Spectrum Auctions Hurt Mobile ConsumersBengt Nordstrom
The vast amount of money raised by the two latest mobile communications spectrum auctions has been welcomed by the governments of India and Germany—and why wouldn't cash-strapped governments invite a process that has made them richer by $14.5 billion and $5.5 billion, respectively? The Indian auction delivered more money than predicted, the German one less.
Those sums are of course dwarfed by the cash raised by the spectrum auctions 10 years ago in Germany, where the government collected about $67 billion, and in the U.K., where the government found itself richer by $35 billion, thanks to operators desperate for the right to launch third-generation mobile networks.
The bankrupting of PCS operators following the U.S. auctions in the late 1990s rapidly became a distant memory as governments around the globe realized that radio spectrum is, arguably, among the most valuable commodities on earth. During the past decade, as mobile communications have exploded into a worldwide market, governments have been quick to seize further opportunities for windfall cash.
Yet I would argue that the crucial strategic importance of radio spectrum means it should be not be treated as a salable commodity. Over the 1980s and 1990s, the vast majority of spectrum allocations were "beauty contests" decided on the basis of expertise and capability. Most of the time this concept worked quite well, and the winning operators delivered services that met and exceeded the tender specifications. It is safe to say that over time, beauty contests have delivered fewer problems and higher value to society than have airwave auctions.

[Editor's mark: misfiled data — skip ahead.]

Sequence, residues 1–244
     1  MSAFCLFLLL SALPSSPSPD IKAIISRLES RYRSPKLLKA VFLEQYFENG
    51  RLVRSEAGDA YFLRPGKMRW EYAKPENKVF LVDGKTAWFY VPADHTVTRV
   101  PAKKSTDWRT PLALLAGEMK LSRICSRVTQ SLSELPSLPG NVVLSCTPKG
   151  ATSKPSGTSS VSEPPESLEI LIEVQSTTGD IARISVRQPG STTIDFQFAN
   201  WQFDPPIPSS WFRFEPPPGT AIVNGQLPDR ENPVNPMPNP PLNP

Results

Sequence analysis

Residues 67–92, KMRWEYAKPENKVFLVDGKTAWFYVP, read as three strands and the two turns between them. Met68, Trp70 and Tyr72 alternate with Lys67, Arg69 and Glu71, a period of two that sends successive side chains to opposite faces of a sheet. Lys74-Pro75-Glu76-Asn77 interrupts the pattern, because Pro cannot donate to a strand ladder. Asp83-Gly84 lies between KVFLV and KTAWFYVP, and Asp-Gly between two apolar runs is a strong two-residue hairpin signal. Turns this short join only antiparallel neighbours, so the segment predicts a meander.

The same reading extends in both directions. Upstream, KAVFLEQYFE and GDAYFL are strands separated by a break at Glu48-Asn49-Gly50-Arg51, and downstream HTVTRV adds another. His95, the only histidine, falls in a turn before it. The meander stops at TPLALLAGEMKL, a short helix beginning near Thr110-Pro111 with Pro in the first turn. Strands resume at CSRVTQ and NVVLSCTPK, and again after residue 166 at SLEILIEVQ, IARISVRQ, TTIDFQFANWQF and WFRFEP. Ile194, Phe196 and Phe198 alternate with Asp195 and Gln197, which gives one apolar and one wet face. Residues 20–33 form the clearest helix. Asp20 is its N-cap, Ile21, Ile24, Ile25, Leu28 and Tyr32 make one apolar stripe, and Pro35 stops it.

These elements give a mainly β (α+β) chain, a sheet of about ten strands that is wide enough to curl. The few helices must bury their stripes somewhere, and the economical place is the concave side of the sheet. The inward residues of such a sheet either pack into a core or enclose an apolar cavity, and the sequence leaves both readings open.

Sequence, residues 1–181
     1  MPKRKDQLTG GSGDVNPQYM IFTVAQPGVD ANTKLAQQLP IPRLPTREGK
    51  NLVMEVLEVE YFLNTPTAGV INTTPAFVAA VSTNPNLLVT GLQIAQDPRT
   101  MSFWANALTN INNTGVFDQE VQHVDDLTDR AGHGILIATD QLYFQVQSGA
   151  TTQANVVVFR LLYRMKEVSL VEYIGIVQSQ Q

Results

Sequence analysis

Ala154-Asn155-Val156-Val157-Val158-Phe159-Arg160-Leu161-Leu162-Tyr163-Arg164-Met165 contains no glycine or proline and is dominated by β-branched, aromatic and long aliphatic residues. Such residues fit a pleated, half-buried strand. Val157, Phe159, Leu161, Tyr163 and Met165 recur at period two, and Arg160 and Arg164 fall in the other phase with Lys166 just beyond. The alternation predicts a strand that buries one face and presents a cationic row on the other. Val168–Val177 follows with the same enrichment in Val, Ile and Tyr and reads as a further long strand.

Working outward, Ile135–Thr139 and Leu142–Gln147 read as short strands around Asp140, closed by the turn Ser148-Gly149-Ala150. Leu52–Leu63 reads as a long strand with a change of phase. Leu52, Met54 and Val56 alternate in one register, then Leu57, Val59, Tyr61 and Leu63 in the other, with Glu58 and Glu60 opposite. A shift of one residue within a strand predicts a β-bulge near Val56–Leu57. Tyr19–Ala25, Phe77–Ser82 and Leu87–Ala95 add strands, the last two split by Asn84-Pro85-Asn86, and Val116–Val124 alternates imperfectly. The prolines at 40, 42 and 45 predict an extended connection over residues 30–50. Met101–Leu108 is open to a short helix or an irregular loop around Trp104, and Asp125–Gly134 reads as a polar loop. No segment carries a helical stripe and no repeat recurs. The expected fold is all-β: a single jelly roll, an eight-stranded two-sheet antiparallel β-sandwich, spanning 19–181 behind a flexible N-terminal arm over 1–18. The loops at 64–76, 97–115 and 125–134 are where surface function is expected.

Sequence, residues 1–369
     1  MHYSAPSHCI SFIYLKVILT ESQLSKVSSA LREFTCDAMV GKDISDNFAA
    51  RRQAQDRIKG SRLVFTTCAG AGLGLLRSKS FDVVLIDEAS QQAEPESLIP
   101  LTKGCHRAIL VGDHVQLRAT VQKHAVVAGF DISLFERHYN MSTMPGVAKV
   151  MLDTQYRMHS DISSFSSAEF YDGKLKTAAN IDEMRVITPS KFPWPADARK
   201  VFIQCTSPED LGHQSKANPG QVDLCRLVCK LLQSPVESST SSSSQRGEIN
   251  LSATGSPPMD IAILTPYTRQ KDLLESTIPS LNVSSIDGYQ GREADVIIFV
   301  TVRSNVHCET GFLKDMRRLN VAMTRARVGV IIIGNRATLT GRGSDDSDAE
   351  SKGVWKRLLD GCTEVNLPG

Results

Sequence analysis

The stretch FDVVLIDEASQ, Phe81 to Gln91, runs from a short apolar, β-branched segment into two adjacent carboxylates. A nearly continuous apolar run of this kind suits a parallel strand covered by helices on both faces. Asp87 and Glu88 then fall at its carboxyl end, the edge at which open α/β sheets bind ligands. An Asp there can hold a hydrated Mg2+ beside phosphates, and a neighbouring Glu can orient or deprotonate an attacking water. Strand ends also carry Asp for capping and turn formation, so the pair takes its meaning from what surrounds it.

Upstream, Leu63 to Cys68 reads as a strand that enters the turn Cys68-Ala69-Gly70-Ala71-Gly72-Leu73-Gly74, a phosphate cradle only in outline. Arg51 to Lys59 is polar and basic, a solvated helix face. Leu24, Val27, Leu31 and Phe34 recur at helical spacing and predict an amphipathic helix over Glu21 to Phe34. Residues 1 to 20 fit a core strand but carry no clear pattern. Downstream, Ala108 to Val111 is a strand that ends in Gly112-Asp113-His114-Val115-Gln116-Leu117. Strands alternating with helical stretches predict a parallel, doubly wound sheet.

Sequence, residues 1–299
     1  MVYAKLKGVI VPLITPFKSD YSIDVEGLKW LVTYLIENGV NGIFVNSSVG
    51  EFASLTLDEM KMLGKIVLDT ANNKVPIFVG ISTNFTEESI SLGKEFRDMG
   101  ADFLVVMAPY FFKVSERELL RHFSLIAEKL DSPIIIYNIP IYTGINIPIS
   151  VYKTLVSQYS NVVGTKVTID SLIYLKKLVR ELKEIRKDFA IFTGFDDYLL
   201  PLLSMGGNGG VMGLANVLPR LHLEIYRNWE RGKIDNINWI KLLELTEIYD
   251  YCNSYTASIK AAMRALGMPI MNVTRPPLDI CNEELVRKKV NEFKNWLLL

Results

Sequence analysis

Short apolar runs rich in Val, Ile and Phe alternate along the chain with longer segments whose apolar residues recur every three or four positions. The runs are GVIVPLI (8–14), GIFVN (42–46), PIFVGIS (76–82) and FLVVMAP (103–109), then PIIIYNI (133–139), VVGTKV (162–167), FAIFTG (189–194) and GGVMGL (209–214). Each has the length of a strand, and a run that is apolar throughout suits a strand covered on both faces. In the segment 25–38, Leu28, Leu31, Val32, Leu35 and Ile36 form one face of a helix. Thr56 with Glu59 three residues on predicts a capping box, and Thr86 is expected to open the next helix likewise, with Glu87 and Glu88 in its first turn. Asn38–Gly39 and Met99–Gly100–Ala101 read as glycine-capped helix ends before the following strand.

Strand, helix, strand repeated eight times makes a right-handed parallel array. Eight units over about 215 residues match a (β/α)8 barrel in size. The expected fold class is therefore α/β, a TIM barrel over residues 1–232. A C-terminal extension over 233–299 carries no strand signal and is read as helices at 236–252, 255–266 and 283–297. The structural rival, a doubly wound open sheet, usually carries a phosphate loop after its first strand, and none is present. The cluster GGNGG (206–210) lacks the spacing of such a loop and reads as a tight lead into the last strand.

Governments as Profiteers
Today, spectrum is vital to every area of society. The connected world runs on spectrum: It's not just clever marketing that led to the naming of Britain's O2 (TEF). The "oxygen" brand identity is a statement of fact. But somewhere along the way, as the cash registers began ringing, the regulators have abrogated their responsibilities and morphed into profiteering auctioneers.
To be sure, with the increasing complexity of the mobile communications market, the spectrum allocation process has become more difficult. But that's no reason to take the easy route, where money alone dictates who gets to exploit a limited resource and operate a service of growing importance to society. Without recourse to business plans or viability, it is now just a process in which the highest bidder wins and the regulator acts merely as a referee.
Incumbent operators that have already invested in infrastructure and systems have no choice but to up their ante and pay the price for additional bandwidth. Thus the cost of spectrum continues to inflate in a vicious circle—a circle that only the regulator can break. Cost also strangles the market, with the barrier to entry increasing for each mobile generation. With 3G, there were a few new entrants (many of which have since fallen by the wayside), while with LTE, the "fourth-generation" Long-Term Evolution networks, there will be none.